How We Limn the Body:
John Barton in Conversation with
Shashi Bhat

Shashi Bhat

In "Food for Nought," which appears in The Malahat Review's Summer 2017 issue, Shashi Bhat recounts the story of Nina, a high-school teacher who jumps to the wrong conclusion about the motivation behind a poem a student submits to her creative-writing class. Shashi is the editor of Event and teaches creative writing at Douglas College. Her stories have appeared in PRISM international, Journey Prize Stories 24,The New Quarterly, Grain, and other publications. Her novel, The Family Took Shape, was shortlisted for the Thomas Raddall Atlantic Fiction Award. She lives in New Westminster. Interview conducted by Malahat editor, John Barton.

At the close of "Food for Nought," Nina, a high-school English teacher and the story's often droll narrator, reveals that she will eventually leave teaching because "it feels like a job for somebody both more and less human than I am." What is it about her that makes her feel unequal to the job?

By the end of the story, Nina regrets her glibness, and realizes her teaching approach lacked empathy. She's uncomfortable having this much responsibility over vulnerable and mercurial teenagers, and as a result, she approaches the class in a shallow and cautious way. I imagine she's only been teaching a couple of years, and is thinking about what the students are thinking about her, instead of thinking deeply about the workshop poem they're discussing. She's not engaging in the discussion so much as she's trying to get through the class period without making a mistake.  
I've taught creative nonfiction classes where students write about personal, traumatic experiences—death, illness, abuse—and, at the start of the semester, I tell them that our critique will focus on technique. Ultimately, though, when someone turns in a piece of paper with their own bloody heart stapled to it, you can't just sit at the front of the room and talk about scene chronology and image systems. The fact that creative-writing workshops involve recognizing the humanity of the other people in the room is one of the things I like best about teaching (I teach college students; I imagine high school requires a whole other level of personal involvement).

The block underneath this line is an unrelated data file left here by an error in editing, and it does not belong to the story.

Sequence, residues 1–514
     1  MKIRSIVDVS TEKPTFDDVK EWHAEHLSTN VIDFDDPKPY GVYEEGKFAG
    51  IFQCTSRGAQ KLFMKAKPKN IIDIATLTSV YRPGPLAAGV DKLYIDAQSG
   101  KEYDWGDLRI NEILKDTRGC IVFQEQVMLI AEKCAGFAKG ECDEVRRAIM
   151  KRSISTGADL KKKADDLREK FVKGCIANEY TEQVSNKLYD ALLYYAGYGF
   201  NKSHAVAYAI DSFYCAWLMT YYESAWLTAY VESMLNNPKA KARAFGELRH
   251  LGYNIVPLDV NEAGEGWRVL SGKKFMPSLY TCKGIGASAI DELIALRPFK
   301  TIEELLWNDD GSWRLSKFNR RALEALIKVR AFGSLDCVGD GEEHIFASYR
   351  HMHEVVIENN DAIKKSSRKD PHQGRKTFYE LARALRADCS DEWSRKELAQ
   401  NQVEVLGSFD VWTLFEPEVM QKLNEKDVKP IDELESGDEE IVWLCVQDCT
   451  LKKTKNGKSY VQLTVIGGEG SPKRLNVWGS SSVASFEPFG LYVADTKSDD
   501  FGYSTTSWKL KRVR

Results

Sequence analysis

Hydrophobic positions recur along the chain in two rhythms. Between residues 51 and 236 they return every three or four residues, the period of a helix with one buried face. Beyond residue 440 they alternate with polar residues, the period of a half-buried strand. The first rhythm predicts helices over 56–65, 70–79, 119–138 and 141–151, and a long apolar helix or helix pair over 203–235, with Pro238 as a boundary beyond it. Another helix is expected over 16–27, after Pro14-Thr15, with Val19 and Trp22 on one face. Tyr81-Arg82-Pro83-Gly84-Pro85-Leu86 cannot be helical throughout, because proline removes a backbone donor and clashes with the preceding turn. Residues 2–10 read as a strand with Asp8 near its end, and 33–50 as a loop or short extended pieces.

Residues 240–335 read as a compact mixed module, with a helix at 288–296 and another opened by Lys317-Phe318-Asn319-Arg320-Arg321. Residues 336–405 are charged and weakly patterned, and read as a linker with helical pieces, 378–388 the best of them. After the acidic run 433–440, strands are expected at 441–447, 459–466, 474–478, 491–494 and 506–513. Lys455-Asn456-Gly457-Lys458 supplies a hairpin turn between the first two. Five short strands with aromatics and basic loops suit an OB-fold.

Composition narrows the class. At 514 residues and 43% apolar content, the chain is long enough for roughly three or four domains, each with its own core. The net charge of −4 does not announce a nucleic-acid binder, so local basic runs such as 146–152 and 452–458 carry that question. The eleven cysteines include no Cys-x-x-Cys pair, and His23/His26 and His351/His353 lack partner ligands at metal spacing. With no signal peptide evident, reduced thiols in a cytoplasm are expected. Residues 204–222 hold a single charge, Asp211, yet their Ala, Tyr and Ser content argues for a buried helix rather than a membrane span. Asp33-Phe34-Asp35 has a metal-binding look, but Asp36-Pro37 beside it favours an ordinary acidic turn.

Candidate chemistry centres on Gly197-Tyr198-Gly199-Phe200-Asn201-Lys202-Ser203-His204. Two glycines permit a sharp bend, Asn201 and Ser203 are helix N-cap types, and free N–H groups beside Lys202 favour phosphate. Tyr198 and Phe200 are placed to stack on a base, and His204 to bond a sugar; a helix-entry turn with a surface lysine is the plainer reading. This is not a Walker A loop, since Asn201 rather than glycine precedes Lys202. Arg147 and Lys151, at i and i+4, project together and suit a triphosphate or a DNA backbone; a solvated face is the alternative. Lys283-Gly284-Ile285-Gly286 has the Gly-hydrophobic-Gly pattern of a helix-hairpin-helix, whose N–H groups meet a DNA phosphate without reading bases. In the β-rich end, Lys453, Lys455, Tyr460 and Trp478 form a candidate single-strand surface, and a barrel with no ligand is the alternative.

The story turns on an irony that results from Nina violating one of the rules we're all taught as novice writers: she assumes that a poem about having an eating disorder, which Jessica, a student in her Grade 10 English class hands in, is autobiographical. That she makes this mistake, even though she should be a seasoned teacher of creative writing, is as much amusing at it is poignant. What makes Nina so conflicted, both prior to and after deciding to report Jessica to the school guidance counsellor? What does her misinterpretation of Jessica's poem say about how we read poems and stories as well as about how we shoulder our responsibilities toward one another as people?

Part of the fun of taking a workshop class is getting these windows into the lives of your classmates. In a fiction workshop, it's not rare for a reader to wonder, hmm, how fictionalis this? Hopefully they'll also be intrigued by the writer's painstakingly crafted periodic sentences or what have you, but the life of the author can be pretty juicy to think about.

Nina indulges in speculating on the lives of her students, and her mistakes stem from wanting too badly to be liked. She uses the fact that it's "creative writing" to avoid taking action, and perhaps isn't quite prepared to accept that she's the adult in the room.

Nina's classroom life is counterpointed by her personal life, with food linking the story's two narrative threads. We first meet her parents, immigrants from India, when Nina visits her father in hospital. Even though on the surface it looks as if he eats a healthy South Indian vegetarian diet, his doctors have advised him that he must modify it substantially in the aftermath of heart surgery. Even though he and Nina's mother may find the introduction of eggs and salmon into his diet bewildering, he's making these changes based on "evidence." Would Nina ultimately stay in her job if it were—for a lack of a better description—more "evidence-based"? Why didn't it occur to her to ask Jessica if her poem was a call for help?

Nina might have an easier time as a math teacher. It would allow her to operate at a safer distance. I also think that if she'd channelled her sensitivity in a better way, and stayed in her job, she would have grown into it. With a previous student in the story, she tries a more direct approach, writing a note on the student's assignment. Later she receives an anonymous evaluation telling her to "mind her own goddamned business." She's scared off by it.

In the story you contrast two ways of understanding the world: inference (which reading and writing demand of us) and analysis (upon which science and medicine rely). You present both approaches comically, but "Food for Nought" seems to take more of a stand on the pratfalls of operating wholly on the basis of assumption. Do you feel relying on "facts" equally compromises us? Are Nina's parents compromised by their reliance on them?